Madrid is the culinary melting pot of a country which has been named the epicentre of the gourmet world by the New York Times, the author of a new book on Spanish gastronomy said Thursday.
"There is no real Madrid cooking but that's because gastronomy here unites so many things," said Miguel Angel Rincon, who has just published "Un Ano de Gastronomia de Vanguardia en Madrid" (A year of innovative cooking in Madrid).
Rincon came up with the book after the capital hosted the Madrid Fusion gastronomic summit in January last year, inviting top chefs from around the world to show off their skills.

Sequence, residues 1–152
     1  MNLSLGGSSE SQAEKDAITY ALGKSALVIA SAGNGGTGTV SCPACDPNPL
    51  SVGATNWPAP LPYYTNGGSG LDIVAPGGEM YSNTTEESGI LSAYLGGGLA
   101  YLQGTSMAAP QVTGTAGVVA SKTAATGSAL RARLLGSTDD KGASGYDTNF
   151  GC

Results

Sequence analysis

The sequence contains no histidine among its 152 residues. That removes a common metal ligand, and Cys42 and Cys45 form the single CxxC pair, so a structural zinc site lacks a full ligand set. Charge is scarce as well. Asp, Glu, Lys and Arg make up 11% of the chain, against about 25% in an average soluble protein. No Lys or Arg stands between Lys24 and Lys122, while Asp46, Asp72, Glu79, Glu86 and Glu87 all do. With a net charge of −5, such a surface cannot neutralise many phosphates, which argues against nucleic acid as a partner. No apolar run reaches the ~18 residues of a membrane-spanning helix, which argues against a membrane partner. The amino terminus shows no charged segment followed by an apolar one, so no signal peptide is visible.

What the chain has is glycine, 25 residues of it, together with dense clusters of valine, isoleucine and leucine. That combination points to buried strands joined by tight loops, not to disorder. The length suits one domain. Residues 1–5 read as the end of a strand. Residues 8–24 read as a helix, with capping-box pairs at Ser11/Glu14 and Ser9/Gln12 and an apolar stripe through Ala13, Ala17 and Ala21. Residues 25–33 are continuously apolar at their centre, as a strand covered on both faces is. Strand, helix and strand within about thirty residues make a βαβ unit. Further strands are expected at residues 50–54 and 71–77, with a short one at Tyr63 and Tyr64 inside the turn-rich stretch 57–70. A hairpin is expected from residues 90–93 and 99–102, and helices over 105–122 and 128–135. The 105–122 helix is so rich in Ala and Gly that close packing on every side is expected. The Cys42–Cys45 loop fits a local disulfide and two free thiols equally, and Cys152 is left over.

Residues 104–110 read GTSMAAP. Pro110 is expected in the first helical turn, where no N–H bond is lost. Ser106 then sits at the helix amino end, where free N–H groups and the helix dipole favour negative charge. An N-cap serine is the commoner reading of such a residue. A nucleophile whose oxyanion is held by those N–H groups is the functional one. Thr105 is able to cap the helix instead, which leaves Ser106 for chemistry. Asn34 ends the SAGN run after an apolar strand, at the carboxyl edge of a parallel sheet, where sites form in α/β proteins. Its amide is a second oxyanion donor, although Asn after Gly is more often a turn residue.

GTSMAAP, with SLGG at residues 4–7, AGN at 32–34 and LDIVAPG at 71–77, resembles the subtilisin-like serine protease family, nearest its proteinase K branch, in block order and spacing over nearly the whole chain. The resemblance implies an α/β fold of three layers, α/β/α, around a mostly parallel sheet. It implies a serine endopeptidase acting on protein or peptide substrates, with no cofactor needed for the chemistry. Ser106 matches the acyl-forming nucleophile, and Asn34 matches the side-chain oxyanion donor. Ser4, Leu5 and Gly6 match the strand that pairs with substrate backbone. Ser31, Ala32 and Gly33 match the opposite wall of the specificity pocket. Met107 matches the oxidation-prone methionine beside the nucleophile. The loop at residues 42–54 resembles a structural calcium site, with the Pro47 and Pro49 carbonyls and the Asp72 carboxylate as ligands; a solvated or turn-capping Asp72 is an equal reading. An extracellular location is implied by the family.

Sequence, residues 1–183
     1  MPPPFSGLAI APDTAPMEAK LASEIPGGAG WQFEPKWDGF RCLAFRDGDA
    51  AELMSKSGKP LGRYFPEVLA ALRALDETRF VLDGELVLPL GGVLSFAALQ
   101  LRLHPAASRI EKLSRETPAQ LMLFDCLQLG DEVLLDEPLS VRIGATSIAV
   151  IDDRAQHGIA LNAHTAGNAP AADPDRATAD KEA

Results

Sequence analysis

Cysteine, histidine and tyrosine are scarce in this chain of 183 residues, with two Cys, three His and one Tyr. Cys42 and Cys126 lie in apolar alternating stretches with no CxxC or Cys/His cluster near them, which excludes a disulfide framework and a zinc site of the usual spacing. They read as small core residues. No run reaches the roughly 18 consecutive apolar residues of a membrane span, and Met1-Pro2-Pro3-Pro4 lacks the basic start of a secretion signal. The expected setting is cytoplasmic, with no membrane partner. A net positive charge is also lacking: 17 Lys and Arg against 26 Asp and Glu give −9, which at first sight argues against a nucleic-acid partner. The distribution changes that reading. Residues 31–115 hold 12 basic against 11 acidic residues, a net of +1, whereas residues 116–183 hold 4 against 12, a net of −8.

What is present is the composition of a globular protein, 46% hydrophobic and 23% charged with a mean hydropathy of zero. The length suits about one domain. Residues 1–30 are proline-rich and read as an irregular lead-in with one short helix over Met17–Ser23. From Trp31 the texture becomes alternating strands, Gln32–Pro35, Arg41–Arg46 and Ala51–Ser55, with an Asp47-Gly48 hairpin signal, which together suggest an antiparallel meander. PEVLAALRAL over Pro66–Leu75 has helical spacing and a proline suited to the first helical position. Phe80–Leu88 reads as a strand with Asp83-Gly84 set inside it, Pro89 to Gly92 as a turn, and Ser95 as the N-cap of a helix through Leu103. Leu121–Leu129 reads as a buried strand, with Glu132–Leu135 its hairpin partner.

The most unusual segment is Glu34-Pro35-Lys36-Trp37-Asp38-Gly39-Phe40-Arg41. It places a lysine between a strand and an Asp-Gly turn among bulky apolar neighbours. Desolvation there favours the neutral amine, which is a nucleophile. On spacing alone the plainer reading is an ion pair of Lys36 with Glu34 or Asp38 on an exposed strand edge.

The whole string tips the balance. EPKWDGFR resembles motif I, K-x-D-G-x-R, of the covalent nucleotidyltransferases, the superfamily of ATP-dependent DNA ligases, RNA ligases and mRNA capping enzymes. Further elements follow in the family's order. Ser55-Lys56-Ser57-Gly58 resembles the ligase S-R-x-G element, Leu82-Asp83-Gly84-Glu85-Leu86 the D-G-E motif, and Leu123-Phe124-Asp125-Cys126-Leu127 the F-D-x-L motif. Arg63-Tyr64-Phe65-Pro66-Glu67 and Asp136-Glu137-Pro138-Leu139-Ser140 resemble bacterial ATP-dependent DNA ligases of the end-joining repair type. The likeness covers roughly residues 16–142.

"Madrid has in recent years become a real European gastronomical focal point," said Rafael Anson, chairman of the Spanish Gastronomic Academy, as Rincon's book was launched.
Spain's gastronomic traditions received a shot in the arm since the New York Times in 2003 dubbed it the epicentre of the gourmet world rather than France.
But before that, Spain had its own Michelin Three Star chefs in Ferran Adria, Martin Berasategui, Juan Mari Arzak, Santi Santamaria and Carme Ruscalleda.